Páez - Religion and Expressive Culture

The majority of the Páez were converted to Roman Catholicism by the eighteenth century, and a church stands in each Páez town. A significant number of people have been converted to evangelical Protestantism.

Religious Beliefs. Although the Páez have been Catholic for at least three centuries, the landscape of Tierradentro is populated with a variety of supernatural beings. Seventeenth-century Spanish chroniclers noted the importance among the Páez of highland lakes, sometimes the abode of Kpish, the Thunder. Colonial sources also mention hilltop oracles into which the sun rose and set. Pre-Columbian ceramics display images of snakes and serpents. Many of these ancient symbols are articulated today in the political arena. The mythic caciques are the children of the star, a wedding of the pre-Columbian symbol of divine heavenly bodies with the legal titles that legitimize post-Conquest communal landholdings. Those caciques not fished from the waters in which they float are transformed into serpents that eat villagers. The caciques defend their people with slings given to them by Kpish. They disappear into highland lakes from whence they have returned to defend the Páez against interlopers, just as Kpish sometimes does. In addition to these politically inspired beings, there are numerous water and mountain spirits that inhabit the landscape, inflicting harm on unwary passersby. Pre-Columbian burial sites are considered to be the abode of the pijao, dangerous spirits of the ancestors.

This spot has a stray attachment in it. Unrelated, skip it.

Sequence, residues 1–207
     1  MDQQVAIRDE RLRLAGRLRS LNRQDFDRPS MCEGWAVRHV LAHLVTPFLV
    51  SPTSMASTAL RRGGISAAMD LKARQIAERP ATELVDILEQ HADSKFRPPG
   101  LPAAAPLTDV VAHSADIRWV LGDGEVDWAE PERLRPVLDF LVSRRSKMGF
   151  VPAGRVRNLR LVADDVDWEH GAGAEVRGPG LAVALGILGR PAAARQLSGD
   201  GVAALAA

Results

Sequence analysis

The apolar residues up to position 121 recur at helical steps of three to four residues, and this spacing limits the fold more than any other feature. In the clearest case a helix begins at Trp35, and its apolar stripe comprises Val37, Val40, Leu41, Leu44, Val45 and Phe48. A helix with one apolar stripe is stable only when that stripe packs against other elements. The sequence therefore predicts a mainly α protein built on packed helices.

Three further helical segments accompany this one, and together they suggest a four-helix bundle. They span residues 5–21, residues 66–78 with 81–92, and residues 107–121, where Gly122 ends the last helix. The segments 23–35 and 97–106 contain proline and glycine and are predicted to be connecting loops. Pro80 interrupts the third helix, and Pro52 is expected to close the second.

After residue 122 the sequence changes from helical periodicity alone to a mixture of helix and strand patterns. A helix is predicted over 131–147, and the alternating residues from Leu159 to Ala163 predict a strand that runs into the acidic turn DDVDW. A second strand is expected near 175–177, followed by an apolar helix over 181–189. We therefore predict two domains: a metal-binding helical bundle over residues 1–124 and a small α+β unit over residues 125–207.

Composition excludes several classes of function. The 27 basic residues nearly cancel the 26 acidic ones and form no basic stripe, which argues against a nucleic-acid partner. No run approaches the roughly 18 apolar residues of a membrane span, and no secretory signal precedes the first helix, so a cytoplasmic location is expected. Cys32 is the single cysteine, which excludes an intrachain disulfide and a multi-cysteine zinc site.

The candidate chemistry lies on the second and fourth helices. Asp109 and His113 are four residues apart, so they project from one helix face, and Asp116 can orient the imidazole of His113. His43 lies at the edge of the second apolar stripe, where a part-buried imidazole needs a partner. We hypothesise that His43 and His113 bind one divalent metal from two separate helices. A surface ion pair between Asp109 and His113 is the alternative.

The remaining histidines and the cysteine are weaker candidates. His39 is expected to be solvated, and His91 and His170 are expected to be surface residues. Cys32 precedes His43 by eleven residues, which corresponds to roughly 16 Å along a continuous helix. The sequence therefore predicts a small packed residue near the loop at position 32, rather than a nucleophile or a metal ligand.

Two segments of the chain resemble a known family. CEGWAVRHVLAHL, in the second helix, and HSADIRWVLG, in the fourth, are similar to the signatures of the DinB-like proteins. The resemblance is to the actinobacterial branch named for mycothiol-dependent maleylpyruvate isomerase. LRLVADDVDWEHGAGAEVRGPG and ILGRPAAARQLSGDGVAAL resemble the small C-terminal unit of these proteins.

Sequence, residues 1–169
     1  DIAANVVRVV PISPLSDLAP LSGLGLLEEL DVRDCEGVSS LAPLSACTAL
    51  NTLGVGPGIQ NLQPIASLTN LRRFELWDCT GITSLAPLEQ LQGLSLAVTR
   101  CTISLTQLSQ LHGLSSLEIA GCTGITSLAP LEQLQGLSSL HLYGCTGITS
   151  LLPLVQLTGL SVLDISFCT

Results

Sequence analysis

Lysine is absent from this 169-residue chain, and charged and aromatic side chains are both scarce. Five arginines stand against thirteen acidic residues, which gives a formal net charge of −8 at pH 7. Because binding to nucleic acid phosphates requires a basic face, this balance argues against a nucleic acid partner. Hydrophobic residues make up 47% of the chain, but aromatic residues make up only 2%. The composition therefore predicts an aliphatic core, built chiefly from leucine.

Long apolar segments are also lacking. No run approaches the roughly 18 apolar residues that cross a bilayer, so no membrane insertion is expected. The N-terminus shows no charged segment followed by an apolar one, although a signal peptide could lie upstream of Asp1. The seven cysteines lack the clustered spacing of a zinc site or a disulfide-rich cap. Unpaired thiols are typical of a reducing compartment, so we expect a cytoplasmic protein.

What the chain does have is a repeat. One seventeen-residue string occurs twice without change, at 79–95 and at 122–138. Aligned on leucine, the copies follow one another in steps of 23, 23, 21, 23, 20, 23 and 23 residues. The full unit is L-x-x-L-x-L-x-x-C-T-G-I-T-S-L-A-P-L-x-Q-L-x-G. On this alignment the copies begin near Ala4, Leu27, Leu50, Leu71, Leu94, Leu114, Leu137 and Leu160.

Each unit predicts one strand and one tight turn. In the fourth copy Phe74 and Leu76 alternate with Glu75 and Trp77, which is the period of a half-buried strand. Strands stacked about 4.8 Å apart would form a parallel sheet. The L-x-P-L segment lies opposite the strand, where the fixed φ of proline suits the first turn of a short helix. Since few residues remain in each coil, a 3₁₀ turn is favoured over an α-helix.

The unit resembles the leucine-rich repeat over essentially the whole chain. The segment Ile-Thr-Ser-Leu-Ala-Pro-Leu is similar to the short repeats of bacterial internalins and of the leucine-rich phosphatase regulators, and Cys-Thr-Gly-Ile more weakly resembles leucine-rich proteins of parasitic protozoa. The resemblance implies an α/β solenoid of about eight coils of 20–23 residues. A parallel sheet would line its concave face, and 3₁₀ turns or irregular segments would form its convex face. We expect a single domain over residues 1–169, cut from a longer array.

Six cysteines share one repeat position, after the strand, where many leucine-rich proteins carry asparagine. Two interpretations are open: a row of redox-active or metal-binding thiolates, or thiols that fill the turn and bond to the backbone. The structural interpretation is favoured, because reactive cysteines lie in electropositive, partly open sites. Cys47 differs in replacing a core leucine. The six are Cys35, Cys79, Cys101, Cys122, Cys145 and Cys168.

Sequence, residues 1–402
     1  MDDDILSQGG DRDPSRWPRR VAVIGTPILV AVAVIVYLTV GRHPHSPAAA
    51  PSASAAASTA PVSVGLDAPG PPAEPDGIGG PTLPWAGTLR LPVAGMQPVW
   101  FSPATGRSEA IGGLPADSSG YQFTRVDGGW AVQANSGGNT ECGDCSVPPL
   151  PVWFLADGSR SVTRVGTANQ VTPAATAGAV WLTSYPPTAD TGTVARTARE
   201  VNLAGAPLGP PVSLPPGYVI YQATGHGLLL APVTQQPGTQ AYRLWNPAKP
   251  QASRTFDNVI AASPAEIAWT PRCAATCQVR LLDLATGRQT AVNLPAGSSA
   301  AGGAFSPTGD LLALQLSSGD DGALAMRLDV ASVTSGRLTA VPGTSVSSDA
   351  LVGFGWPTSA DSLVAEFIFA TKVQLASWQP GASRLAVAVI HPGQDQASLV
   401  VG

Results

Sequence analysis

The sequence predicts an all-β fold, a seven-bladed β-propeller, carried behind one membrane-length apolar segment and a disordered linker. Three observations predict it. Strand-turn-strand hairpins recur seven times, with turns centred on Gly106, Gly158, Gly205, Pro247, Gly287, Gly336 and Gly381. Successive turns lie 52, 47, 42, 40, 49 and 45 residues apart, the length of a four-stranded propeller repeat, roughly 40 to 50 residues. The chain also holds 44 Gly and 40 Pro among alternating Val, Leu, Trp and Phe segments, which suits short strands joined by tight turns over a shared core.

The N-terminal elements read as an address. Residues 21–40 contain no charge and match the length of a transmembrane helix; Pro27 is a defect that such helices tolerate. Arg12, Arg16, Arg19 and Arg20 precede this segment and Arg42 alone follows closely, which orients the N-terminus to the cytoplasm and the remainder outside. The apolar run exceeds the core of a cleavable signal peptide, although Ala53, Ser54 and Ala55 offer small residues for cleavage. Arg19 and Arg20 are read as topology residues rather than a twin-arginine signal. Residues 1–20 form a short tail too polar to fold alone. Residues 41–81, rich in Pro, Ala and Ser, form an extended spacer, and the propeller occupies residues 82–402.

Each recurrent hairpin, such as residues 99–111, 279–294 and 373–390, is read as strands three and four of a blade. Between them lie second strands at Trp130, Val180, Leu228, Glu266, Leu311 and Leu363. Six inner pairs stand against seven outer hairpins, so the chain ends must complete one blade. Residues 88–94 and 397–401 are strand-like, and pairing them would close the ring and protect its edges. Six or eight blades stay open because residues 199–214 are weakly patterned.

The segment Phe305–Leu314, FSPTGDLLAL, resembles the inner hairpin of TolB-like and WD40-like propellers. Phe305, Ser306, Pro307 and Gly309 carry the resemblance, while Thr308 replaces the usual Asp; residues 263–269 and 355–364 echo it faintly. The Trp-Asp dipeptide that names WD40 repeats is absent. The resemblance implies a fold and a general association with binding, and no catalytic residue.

Religious Practitioners and Medicine. Just as myths of caciques and Kpish are political expressions of the belief system, shamans operationalize this wedding of myth and politics in everyday life. Called to their profession by the caciques, shamans perform divination and cure diseases caused by supernatural beings, assist the cabildo in ceremonially cleansing its staffs of office each year, and act as intermediaries between the supernatural and the human worlds. They are, moreover, active participants in the ethnic-rights movements through which land claims and cultural revitalization are coordinated.

Ceremonies. Each Páez community celebrates a number of Catholic saints' days, as well as Christmas, Easter, and Corpus Christi; festival sponsors go to great expense to organize communal festivities. Each January cabildos used to withdraw to highland lakes to commune with their caciques and bless their staffs of office; in the late twentieth century this custom is being reintroduced by the ethnicrights movement. Important ceremonies take place on such occasions as the completion of the construction of a house, when mythic history is reenacted by households.

Death and Afterlife. The Páez bury their dead in shaft-tombs, after having given them a Catholic wake. Shamans are charged with ceremonially cleansing the house of the impurities that come with death.

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